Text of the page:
The Etruscans, Samnite and Umbrians crossed the Apennine Mountains and approached Sentinum. Their plan was for the Samnites and Senones to engage the Romans and for the Etruscans and Umbrians to take the Roman camp during the battle. Deserters from Clusium informed Quintus Fabius about this plan. The consul ordered the legions in Falerii and the Vatican to march to Clusium and ravage its territory as another diversionary strategy. This succeeded in drawing the Etruscans away from Sentinum to defend their land. Livy thought that with their departure the two enemy forces were so evenly matched that if the Etruscans and Umbrians had been present it would have been a disaster for the Romans. The propraetor Gnaeus Fulvius defeated the Etruscans. Perusia and Clusium lost up to 3,000 men.
The two armies arrived at the plain of Sentinum but waited for two days to battle each other. Finally, unable to control the eagerness of their troops, the Romans attacked. The Senone stood on the right and the Samnites on the left. On the Roman side Quintus Fabius commanded the right and Publius Decius the left.
Quintus Fabius fought defensively to make the battle a test of endurance and wait for the enemy to flag. Publius Decius fought more aggressively and ordered a cavalry attack, which drove back the Senone cavalry twice. The second time they reached the enemy infantry, but suffered the effects of a chariot attack and were scattered and overthrown. The line of Decius’ infantry was broken by the chariots and the Senone foot attacked.
Publius Decius decided to devote himself. This term referred to a military commander offering prayers to the gods and launching himself into the enemy lines, effectively sacrificing himself, when his troops were in dire straits. His father had done the same at the Battle of Vesuvius (340 BC). This act galvanised the Roman left who were joined by two reserve contingents which Quintus Fabius had called in to help.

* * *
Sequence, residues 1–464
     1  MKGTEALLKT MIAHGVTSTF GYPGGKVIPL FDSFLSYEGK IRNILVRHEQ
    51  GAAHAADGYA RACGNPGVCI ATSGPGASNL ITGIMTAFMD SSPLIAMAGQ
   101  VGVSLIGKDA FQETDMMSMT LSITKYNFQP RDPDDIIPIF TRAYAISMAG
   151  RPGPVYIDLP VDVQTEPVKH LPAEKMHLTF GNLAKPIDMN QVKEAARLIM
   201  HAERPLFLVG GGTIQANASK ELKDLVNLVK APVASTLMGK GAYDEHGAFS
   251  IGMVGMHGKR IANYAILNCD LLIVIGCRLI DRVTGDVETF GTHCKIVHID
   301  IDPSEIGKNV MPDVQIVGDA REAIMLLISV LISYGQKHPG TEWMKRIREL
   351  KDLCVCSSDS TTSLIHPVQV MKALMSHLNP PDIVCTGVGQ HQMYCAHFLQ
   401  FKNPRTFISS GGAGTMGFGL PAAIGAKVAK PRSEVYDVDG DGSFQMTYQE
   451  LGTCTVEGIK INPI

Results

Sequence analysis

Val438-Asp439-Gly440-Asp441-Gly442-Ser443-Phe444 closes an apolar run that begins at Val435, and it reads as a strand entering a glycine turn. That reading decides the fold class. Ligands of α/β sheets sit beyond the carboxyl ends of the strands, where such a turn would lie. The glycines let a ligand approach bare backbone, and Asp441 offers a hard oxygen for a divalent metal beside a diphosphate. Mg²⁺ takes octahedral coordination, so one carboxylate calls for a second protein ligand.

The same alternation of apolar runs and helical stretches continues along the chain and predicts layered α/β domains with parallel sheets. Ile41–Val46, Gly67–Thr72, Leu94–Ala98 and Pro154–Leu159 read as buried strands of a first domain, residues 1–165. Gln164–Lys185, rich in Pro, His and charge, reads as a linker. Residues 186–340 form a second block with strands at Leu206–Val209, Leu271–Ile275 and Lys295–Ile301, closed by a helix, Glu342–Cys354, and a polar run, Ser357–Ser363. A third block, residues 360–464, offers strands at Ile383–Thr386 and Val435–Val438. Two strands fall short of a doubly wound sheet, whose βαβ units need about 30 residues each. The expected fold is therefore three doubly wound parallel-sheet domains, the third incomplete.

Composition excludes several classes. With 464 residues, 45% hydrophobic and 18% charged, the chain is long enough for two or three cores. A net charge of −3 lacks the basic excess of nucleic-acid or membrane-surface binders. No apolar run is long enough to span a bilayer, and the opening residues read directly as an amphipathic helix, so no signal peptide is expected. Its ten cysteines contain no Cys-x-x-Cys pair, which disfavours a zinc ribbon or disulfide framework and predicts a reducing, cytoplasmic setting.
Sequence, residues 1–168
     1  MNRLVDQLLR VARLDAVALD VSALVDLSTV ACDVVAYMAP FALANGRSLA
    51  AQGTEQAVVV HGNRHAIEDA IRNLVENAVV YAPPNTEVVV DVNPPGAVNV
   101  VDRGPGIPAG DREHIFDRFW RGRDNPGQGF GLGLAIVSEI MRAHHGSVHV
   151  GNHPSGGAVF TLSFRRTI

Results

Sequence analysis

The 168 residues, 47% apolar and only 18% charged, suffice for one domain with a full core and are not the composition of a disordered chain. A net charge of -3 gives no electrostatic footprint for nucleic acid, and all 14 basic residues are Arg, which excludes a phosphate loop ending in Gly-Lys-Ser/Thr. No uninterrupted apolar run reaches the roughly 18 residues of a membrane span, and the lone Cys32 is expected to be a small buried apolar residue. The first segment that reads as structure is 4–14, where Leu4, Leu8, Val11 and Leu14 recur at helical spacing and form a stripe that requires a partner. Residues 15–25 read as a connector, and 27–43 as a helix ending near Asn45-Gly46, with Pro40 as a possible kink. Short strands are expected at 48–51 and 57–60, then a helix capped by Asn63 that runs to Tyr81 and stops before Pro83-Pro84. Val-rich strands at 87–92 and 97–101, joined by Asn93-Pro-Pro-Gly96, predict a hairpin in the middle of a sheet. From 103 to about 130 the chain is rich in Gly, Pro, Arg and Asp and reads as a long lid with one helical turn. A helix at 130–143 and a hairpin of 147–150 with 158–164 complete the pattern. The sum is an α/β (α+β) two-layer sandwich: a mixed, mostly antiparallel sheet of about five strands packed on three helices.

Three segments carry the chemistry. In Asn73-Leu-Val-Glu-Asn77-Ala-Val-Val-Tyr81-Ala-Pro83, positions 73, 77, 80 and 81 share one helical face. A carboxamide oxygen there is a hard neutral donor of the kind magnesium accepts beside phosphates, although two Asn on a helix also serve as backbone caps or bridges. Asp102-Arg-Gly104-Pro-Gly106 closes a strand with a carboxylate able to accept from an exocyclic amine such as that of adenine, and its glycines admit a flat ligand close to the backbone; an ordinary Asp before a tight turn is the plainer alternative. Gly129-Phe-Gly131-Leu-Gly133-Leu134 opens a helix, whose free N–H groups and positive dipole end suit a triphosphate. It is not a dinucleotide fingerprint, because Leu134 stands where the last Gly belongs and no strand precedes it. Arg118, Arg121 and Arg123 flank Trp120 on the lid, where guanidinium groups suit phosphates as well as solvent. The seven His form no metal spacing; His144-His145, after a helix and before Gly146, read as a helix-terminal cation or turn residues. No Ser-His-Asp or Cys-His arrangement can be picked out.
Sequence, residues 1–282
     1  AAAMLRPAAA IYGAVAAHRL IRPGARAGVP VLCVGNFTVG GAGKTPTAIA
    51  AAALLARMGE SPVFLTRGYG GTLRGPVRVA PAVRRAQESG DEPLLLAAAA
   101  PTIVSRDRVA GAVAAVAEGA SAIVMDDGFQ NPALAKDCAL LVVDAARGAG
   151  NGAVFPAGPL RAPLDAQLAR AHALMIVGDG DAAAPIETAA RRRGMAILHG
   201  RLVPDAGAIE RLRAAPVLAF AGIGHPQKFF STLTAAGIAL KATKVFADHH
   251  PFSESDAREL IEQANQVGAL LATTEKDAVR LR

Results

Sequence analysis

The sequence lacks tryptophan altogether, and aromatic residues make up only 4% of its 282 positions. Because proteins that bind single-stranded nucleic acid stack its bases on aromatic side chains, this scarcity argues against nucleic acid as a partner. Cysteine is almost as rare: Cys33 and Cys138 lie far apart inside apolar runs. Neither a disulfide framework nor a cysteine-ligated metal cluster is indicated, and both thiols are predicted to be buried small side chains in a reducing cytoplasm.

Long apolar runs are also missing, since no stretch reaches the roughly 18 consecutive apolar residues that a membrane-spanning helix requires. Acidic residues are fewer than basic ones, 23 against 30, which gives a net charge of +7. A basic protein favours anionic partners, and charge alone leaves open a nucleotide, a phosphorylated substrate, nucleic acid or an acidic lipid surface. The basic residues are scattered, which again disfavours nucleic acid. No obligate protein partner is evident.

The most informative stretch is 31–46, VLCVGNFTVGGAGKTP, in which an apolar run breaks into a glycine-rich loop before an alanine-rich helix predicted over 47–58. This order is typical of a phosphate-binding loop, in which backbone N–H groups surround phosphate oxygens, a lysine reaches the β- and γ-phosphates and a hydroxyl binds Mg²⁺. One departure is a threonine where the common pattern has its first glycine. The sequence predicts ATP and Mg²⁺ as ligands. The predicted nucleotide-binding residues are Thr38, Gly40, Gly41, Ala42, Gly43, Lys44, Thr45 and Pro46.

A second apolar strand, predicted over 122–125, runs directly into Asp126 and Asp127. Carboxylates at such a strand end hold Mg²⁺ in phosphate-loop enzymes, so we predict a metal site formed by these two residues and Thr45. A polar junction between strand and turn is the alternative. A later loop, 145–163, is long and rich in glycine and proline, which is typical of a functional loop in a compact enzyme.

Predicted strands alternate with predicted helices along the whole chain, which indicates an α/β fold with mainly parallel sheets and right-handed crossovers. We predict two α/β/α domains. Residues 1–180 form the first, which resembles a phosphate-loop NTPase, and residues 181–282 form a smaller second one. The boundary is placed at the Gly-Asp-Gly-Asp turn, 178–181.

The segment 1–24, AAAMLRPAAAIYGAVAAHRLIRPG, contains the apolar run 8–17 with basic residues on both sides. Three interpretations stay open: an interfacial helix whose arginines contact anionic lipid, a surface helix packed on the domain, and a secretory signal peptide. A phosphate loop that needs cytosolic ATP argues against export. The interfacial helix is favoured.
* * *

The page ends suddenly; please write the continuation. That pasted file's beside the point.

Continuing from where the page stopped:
On the right, Quintus Fabius told the cavalry to outflank the Samnite wing and attack it in the flank and ordered his infantry to push forward. He then called in the other reserves. The Samnites broke and fled past the Senone line. The Senones formed a testudo (tortoise) formation - where the men aligned their shields in a compact formation covered with shields at the front and top. Quintus Fabius ordered 500 Campanian lancers to attack them at the rear. This was to be combined with push by the middle line of one of the legions and an attack by other cavalry. Meanwhile, Quintus Fabius and the rest of the army took the Samnite camp by storm and cut off the Senones in the rear. The Senone were defeated. According to Livy the Romans lost 8,700 men and their enemy 20,000.
Livy noted that some writers (whose work is lost) exaggerated the size of the battle, saying that the Umbrians also took part which gave the enemy an infantry of 60,000, a cavalry of 40,000 and 1,000 chariots and claiming that Lucius Volumnius and his two legions also fought in the battle. Livy said that Lucius Volumnius, instead, was holding the front in Samnium and routed a Samnite force near Mount Tifernus. After the battle, 5,000 Samnites made their way back home from Sentinum through the land of the Paeligni. The locals attacked them and killed 1,000 men. Quintus Fabius left Publius Decius’ army to guard Etruria and went to Rome to celebrate a triumph. In Etruria, the Perusini continued the war. Appius Claudius was sent to head Publius Decius’ army as propraetor and Quintus Fabius confronted and defeated the Perusini. The Samnites attacked the areas around the River Liris (at Formiae and Vescia), and the River Volturnus. They were pursued by Appius Claudius and Lucius Volumnius. They joined their forces and defeated them near Caiatia, near Capua.
Rome's victory broke up the coalition it had defeated. The Etruscans, Umbrians and Senone Gauls pulled out of the war. The Samnites, besides losing their allies, suffered heavy casualties. The Romans went on to win other battles against the Samnites. In the final stage of the war, which ended five years later, the Romans devastated Samnium and the Samnites capitulated. Rome gained control over much of central Italy and part of southern Italy.
- Livy, The History of Rome, 10.16
- Livy, The History or Rome, 10.18-19
- Livy, The History of Rome, 10.21.1-2, 12-14
- Livy, The History of Rome, 10.22.2-5; 22.9; 25.4-12; 26.4,14-15
- Livy, The History of Rome, 10.27, 30
- Livy, The History of Rome 10.28-29
- Livy, The History of Rome, 10.27, 31
Scullard, H.H. A History of the Roman World 753-146.